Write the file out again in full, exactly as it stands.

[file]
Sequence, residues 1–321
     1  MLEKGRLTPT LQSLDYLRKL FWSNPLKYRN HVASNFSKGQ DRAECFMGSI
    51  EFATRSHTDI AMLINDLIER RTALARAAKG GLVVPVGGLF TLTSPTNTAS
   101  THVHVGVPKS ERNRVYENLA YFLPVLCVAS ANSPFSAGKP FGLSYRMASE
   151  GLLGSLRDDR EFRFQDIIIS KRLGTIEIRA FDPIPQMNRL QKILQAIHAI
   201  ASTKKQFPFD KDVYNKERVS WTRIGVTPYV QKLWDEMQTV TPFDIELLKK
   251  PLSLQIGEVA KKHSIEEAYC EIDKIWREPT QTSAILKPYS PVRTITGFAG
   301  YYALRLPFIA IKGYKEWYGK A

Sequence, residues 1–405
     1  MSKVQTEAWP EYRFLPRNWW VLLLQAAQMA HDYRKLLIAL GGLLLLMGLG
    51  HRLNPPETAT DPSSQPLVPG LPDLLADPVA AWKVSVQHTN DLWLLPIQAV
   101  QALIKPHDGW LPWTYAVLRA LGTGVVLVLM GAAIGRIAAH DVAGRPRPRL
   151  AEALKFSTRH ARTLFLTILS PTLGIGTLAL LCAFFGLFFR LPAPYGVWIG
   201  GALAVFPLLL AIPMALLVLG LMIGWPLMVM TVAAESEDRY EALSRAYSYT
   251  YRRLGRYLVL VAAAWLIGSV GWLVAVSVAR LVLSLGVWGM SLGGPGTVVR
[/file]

Sequence, residues 1–321
     1  MLEKGRLTPT LQSLDYLRKL FWSNPLKYRN HVASNFSKGQ DRAECFMGSI
    51  EFATRSHTDI AMLINDLIER RTALARAAKG GLVVPVGGLF TLTSPTNTAS
   101  THVHVGVPKS ERNRVYENLA YFLPVLCVAS ANSPFSAGKP FGLSYRMASE
   151  GLLGSLRDDR EFRFQDIIIS KRLGTIEIRA FDPIPQMNRL QKILQAIHAI
   201  ASTKKQFPFD KDVYNKERVS WTRIGVTPYV QKLWDEMQTV TPFDIELLKK
   251  PLSLQIGEVA KKHSIEEAYC EIDKIWREPT QTSAILKPYS PVRTITGFAG
   301  YYALRLPFIA IKGYKEWYGK A

Sequence, residues 1–405
     1  MSKVQTEAWP EYRFLPRNWW VLLLQAAQMA HDYRKLLIAL GGLLLLMGLG
    51  HRLNPPETAT DPSSQPLVPG LPDLLADPVA AWKVSVQHTN DLWLLPIQAV
   101  QALIKPHDGW LPWTYAVLRA LGTGVVLVLM GAAIGRIAAH DVAGRPRPRL
   151  AEALKFSTRH ARTLFLTILS PTLGIGTLAL LCAFFGLFFR LPAPYGVWIG
   201  GALAVFPLLL AIPMALLVLG LMIGWPLMVM TVAAESEDRY EALSRAYSYT
   251  YRRLGRYLVL VAAAWLIGSV GWLVAVSVAR LVLSLGVWGM SLGGPGTVVR